Please your dogs safe & away from antifreeze!! Local retriever club member Shelly just lost their Lab, Tucker, to antifreeze poisoning & doesn't want anyone else to have to go through this. They live in the Peede Road/Nordale Road area & this was the third dog death in their neighborhood in the past 2 months. Her message follows this excerpt.
From "Antifreeze Poisoning" by Holly Nash, DVM (http://www.peteducation.com/article....articleid=2801):
Toxicity: Ethylene glycol is the ingredient found in most antifreeze products, most commonly at a concentration of 95-97%. It is an extremely dangerous toxin, being approximately 3 times as toxic as propylene glycol. The lethal dose for dogs is 2-3 ml/lb, and for cats it is 0.64 ml/lb. There are 15 ml in a tablespoon, so 2 tablespoons (30 ml) could be lethal for a 15-pound dog, and less than one-half of a tablespoon is lethal to a 10-pound cat. Smaller quantities can still make an animal critically ill. Antifreeze containing ethylene glycol has a sweet taste that animals and children like.
Ethylene glycol is metabolized by the liver. The metabolites that are produced cause damage to organs and subsequent symptoms. The metabolites (in the form of oxalates) are most toxic to the kidneys. Ethylene glycol causes severe damage to the kidney, termed "acute renal tubular necrosis." Ethylene glycol also changes the pH of the blood to be more acidic (metabolic acidosis). Many brands of antifreeze also contain phosphorus rust inhibitors, which may increase the phosphorus levels in the bloodstream.
Signs of poisoning: There are three stages of ethylene glycol poisoning:
·Stage 1: 0-12 hours after ingestion, nervous system signs develop including mild depression, ataxia, knuckling, seizures, hyperexcitability, stupor, rarely coma, and death. These signs are similar to acute alcohol intoxication and resemble drunkenness. Other symptoms may include lack of appetite, vomiting, drop in body temperature, and an increase in drinking and urination.
·Stage 2: 12-24 hours after ingestion, cardiovascular system signs including increased heart rate and an increased respiratory rate can be seen.
·Stage 3: 12-72 hours after ingestion, kidneys are affected. Symptoms include severe depression, vomiting, diarrhea, dehydration, kidney failure, and death.
Diagnosis: A test kit for dogs is available which detects ethylene glycol, but not its metabolites, in dogs. It is useful within 30 minutes to 12 hours after ingestion. Before or after that time period, a false negative test result may occur because either the ethylene glycol has not yet entered the bloodstream, or it has already been broken down into its metabolites. Peak levels of ethylene glycol in the blood generally occur 1-4 hours after ingestion. To perform the test, various chemicals are added to a blood sample, and if ethylene glycol is present, a color change occurs. This test is not sensitive enough for use in cats. Some human hospitals, or large veterinary hospitals or emergency clinics have more sensitive tests that can be used for cats. Treatment should be started for any dog with an ethylene glycol level higher than 22.7 mg/lb or any cat that has a detectable level.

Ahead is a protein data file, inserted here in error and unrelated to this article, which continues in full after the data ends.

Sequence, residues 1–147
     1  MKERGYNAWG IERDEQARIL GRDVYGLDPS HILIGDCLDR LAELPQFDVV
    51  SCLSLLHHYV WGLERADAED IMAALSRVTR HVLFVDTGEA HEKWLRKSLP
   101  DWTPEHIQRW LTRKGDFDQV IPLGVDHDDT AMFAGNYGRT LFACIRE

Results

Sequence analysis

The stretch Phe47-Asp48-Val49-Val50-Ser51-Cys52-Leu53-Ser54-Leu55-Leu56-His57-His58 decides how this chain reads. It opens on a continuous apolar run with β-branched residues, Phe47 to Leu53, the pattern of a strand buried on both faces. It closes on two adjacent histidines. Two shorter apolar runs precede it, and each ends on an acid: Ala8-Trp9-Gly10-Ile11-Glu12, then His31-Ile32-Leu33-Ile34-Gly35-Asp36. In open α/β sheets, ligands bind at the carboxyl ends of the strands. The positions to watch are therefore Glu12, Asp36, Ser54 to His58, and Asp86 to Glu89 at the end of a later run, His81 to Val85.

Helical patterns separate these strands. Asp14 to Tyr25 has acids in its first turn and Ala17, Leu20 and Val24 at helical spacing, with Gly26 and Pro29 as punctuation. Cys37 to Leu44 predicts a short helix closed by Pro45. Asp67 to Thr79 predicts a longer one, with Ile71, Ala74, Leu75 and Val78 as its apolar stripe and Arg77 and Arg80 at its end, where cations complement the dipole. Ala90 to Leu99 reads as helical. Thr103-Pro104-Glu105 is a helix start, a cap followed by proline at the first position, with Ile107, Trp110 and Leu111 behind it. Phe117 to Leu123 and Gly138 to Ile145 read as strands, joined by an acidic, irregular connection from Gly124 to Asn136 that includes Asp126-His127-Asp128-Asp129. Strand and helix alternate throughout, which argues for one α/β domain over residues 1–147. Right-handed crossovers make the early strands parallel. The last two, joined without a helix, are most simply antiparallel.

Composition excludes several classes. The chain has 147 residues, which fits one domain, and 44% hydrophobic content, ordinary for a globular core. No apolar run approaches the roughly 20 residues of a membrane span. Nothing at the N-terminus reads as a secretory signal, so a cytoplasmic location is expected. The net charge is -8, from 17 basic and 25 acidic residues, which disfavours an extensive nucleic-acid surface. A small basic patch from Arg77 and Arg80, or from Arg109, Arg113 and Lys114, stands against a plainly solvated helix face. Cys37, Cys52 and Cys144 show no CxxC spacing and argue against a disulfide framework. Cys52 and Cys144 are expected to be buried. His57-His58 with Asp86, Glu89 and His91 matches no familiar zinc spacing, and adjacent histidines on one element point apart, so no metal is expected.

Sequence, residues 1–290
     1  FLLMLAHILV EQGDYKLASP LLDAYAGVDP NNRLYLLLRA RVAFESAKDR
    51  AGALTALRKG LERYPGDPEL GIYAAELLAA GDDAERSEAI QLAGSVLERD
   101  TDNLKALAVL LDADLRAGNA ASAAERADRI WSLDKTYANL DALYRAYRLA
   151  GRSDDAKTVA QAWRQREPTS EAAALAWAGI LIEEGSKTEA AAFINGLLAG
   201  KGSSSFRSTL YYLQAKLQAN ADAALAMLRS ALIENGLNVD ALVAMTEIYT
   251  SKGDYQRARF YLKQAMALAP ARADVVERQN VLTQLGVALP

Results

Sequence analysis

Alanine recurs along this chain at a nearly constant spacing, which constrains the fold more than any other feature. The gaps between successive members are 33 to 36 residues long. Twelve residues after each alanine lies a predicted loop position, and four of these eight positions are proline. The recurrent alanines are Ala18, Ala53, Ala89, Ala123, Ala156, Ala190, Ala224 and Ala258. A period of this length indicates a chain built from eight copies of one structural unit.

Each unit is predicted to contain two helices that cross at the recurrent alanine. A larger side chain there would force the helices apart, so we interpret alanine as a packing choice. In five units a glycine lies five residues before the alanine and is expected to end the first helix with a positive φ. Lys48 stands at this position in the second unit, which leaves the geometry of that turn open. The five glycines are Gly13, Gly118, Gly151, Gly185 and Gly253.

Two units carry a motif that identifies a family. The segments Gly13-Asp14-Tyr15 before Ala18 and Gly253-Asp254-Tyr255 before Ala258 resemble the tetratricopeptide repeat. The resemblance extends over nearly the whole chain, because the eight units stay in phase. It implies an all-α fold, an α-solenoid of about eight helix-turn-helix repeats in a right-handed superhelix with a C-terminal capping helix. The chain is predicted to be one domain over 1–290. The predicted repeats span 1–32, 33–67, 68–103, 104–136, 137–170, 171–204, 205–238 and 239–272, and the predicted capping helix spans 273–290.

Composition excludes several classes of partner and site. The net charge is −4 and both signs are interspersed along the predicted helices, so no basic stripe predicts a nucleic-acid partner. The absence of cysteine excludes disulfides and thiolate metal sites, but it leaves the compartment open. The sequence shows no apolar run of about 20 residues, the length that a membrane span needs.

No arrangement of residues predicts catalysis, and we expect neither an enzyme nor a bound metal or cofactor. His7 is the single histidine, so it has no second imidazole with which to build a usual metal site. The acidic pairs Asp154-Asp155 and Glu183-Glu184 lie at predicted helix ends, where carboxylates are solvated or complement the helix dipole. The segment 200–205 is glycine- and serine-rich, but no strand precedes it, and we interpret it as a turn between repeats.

A veterinarian may conduct other laboratory tests to assess kidney function (BUN, creatinine), pH of the blood (blood gases), and look for the presence of oxalate crystals in the urine (urinalysis).
Treatment:If ingestion of ethylene glycol is suspected in a pet, induce vomiting and seek veterinary attention immediately. The veterinarian may continue the induction of vomiting, perform gastric lavage, and administer activated charcoal.
Supportive treatment will be given and may include correcting hydration and the acid-base balance by administering IV fluids and sodium bicarbonate. Oxygen is given as needed. Peritoneal dialysis helps remove the ethylene glycol from the body, if used early.
Fomepizole (Antizol-VetŪ, 4-methylpyrazole) is the treatment of choice for ethylene glycol poisoning in dogs. It is given intravenously for 36 hours, and stops the metabolism of ethylene glycol into its damaging metabolites. Ethanol is the treatment of choice for cats and is administered for up to 64 hours. With Fomepizole or Ethanol treatment, starting treatment early before permanent kidney damage occurs, usually within 8 hours of ingestion, is essential. Supportive care may need to be given for weeks. Some veterinarians may refer the pet to a specialized veterinary center for treatment.
-------- Original Message --------
I was wondering if you could put a warning out to the club members. Tucker, my chocolate lab died yesterday from antifreeze poisoning. It is the third dog death in our neighborhood in the past 2 months. The other neighbor and I am not sure whether it is accidental or deliberate poisoning. We live in the area of Peede and Nordale Roads off of Badger Road in North Pole. It is in the area of the new Greer subdivision-where the gravel pit use to be. Needless to say I am very upset and grief stricken-he was the best dog I have ever owned-only 2 years old. I certainly do not want anything like this to happen to others. I think it would be a good thing to remind club members also what some of the sign and symptoms of antifreeze poisoning look like. We were able to get Tucker to the vet within 3 hours after the ingestion-obviously it was still too late. Thanks for your consideration in informing others.